Nevertheless, Chuck was the first show that I fully invested myself into. I would watch certain episodes repeatedly, dissecting scenes, music choices, plot points, and actor’s performances. This was back in high school, and my passion for television only grew from there. I started to watch more and more shows, many good, some bad, but all enjoyable in some way, and a learning experience.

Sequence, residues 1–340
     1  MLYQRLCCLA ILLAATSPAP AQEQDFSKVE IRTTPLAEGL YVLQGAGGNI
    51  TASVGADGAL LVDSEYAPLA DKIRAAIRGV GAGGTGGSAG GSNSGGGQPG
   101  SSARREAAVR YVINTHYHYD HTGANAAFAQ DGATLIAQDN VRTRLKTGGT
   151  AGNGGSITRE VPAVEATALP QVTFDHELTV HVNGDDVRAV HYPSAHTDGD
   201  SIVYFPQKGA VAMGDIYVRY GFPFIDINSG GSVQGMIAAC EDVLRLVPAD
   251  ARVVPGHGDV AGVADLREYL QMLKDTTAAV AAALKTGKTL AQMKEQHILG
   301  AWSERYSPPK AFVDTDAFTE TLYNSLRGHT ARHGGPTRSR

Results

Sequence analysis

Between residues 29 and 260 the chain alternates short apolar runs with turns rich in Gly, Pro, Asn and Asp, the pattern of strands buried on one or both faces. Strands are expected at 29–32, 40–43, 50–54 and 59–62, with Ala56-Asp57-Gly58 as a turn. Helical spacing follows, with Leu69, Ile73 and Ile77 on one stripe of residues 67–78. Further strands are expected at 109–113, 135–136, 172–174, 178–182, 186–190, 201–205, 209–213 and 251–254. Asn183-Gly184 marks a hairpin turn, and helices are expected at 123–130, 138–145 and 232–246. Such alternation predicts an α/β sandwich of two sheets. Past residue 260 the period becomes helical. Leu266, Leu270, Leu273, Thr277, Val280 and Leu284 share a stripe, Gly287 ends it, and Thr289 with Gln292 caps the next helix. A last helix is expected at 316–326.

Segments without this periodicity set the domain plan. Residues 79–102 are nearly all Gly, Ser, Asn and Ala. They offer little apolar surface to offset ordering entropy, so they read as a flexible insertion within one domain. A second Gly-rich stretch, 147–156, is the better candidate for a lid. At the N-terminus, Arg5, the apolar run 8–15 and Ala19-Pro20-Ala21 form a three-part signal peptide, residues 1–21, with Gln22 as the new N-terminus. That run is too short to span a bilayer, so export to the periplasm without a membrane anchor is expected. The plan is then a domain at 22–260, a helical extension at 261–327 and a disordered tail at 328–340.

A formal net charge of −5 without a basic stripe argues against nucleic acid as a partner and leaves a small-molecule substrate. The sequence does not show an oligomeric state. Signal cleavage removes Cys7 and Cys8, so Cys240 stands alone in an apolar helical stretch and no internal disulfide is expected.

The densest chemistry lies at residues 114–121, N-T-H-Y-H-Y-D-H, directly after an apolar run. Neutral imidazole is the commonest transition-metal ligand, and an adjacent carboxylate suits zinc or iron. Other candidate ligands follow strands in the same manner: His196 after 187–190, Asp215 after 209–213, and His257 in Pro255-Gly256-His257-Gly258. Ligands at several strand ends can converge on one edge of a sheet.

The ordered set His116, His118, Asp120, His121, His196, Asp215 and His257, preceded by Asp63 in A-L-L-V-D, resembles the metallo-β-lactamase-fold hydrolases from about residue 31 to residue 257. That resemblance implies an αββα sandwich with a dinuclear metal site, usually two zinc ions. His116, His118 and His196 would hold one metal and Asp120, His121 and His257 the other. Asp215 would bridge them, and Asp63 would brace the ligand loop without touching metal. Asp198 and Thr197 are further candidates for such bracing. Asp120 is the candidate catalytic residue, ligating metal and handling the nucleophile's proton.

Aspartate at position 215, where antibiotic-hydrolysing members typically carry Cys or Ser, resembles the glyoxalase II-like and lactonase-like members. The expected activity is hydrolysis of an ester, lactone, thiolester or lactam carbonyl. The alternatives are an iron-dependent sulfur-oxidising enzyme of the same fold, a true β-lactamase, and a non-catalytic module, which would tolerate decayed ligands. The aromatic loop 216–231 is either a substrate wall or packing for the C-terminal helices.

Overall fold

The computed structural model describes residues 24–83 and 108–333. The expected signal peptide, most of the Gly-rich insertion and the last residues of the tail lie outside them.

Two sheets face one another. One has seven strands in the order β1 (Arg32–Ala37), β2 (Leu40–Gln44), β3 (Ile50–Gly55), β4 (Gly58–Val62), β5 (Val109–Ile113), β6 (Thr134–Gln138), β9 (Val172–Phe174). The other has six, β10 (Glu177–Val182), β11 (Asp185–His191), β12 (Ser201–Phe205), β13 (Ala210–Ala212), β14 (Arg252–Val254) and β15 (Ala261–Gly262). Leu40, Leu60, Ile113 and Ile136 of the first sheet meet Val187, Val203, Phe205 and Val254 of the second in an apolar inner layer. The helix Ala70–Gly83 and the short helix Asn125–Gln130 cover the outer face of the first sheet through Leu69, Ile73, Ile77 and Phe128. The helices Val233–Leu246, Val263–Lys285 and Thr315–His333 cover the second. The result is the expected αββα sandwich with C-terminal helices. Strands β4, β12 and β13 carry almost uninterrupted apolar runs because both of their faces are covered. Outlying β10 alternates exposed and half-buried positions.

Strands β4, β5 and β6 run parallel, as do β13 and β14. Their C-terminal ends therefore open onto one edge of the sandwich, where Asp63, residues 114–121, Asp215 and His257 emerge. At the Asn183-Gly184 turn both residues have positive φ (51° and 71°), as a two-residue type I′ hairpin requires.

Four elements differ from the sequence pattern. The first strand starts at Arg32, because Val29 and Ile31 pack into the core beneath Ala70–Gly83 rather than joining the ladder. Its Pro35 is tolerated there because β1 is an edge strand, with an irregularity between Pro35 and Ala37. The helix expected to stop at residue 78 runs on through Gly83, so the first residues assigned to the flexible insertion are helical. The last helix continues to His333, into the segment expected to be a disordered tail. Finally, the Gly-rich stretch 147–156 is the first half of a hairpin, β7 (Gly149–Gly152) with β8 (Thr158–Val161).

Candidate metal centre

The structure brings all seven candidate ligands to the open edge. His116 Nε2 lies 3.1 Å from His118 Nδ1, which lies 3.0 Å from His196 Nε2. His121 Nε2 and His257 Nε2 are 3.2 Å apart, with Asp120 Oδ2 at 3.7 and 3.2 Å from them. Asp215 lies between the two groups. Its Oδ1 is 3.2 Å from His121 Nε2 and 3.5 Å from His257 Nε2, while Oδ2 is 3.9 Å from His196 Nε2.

Flash forward to now, five years out of college. I have a growing list of television shows I want to watch, but not enough time in the day to watch them. The amount of content being created and pushed out onto streaming platforms and networks has grown exponentially in the almost fifteen years since I first started watching Chuck. For one thing, the three big streaming platforms I mentioned earlier aren’t the only ones now. There’s HBO Max, Disney+, Paramount+, Apple TV+, and so many others. It isn’t just the five big tv networks anymore (NBC, ABC, CBS, FOX, The CW) and cable networks (HBO, Showtime). So much is being made, in so many different ways, that it’s hard to keep up with all the shows that are making waves in pop culture or in the critics circle. It took me six years to start watching Game of Thrones and over ten years since Breaking Bad premiered to watch that. There are critically acclaimed shows that I still haven’t seen— I won’t mention them, as I’ve already gotten shocked reactions from others about not having watched them.